6 Ways to Easily Show the Contents of Password Fields

We are all often told to try and stay security conscious online or when using applications that require secure access, and passwords is one of the most important parts of creating a more secure environment for yourself. It’s not unusual to end up with different login details for every site and program that needs it which is the most secure way. This is especially important when there are multiple users on the same machine as using a single password for everything could give someone access to your personal information very easily.

With the possibility of so many different passwords to remember, it could become quite a nightmare trying to log into a website, email program or instant messenger etc, if it wasn’t for the ability to save them on your PC so you don’t have to remember them. These days, most browsers offer to store your login details for you, and there are some great dedicated managers around to centralize all your passwords such as Lastpass which makes filling in forms and logins even easier.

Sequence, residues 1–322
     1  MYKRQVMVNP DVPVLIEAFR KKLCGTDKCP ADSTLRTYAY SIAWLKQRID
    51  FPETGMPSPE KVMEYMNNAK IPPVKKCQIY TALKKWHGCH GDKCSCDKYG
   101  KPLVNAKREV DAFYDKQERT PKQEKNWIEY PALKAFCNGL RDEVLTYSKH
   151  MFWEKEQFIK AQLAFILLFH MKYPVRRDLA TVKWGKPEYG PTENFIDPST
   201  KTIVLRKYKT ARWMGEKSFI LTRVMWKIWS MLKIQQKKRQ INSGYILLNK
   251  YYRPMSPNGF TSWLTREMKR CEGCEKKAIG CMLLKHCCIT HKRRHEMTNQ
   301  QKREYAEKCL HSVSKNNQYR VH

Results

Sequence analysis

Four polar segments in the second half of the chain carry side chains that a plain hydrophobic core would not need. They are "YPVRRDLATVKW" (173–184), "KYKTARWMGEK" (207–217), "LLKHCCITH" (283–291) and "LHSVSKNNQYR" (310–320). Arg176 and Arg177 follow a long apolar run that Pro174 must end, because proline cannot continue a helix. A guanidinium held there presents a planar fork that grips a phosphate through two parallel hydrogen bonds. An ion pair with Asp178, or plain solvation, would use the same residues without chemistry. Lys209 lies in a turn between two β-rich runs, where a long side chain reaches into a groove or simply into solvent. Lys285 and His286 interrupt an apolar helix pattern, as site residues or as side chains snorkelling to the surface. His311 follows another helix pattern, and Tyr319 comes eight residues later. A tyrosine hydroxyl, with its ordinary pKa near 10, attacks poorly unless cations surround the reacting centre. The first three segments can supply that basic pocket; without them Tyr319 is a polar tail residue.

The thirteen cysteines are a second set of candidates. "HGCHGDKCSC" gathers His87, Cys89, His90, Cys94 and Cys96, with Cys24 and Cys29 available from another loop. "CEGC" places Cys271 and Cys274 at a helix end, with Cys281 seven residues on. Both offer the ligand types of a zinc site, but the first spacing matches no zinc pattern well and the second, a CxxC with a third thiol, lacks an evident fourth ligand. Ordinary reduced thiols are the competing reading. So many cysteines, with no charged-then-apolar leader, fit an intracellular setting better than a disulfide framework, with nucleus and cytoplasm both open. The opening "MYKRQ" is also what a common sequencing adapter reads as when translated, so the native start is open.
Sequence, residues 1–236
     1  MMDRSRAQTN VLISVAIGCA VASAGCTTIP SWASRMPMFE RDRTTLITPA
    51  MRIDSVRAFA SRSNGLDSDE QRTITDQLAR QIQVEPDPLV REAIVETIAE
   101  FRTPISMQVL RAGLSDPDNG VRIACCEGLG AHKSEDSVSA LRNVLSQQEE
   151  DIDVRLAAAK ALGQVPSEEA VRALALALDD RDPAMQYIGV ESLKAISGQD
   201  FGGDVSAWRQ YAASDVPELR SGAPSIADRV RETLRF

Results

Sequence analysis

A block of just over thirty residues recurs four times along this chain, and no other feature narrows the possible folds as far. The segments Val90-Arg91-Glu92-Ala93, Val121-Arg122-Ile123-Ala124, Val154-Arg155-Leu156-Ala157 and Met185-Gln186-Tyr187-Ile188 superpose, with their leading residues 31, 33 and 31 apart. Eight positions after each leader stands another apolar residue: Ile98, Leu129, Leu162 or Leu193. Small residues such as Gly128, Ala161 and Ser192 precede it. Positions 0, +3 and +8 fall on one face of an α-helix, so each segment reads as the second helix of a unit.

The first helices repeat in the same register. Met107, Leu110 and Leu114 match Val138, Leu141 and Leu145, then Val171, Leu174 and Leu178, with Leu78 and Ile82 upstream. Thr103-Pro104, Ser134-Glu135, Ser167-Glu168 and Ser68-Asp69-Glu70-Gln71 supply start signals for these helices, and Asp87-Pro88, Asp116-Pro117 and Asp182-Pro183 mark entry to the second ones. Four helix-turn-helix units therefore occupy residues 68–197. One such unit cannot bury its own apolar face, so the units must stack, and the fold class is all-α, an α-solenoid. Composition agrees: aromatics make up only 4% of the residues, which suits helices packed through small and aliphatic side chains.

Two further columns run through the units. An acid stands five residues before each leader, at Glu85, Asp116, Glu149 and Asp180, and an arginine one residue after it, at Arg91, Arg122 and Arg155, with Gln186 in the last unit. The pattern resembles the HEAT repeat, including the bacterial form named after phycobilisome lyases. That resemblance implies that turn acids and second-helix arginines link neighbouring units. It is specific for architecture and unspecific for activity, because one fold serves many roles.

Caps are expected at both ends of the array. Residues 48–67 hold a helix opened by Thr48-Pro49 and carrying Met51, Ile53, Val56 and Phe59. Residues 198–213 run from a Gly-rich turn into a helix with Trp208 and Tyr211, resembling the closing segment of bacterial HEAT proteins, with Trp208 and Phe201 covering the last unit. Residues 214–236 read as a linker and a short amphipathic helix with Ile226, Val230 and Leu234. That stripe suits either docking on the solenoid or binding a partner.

Most applications will also store your password, but often it’s still hidden behind asterisks in the programs settings. If the password is saved and stored behind asterisks or bullets, you can easily use a tool and hopefully show the password hidden underneath. Here’s 6 different ways to try and get to the password under the asterisks in your applications and on websites. It might only save you a few seconds over digging into the program or browsers settings, or it might mean you don’t have to reset your passwords online because the program won’t tell you what your password is.

1. BulletsPassView

This is another one of NirSofts’s useful little tools and can show the passwords hidden behind the asterisks in a number of different applications including Internet Explorer. Some browsers and applications won’t work though because some of them don’t store the password behind the bullets, Chrome, Opera, Firefox included. Skype and Windows Live Messenger didn’t work either because the password box isn’t a separate input box in the window.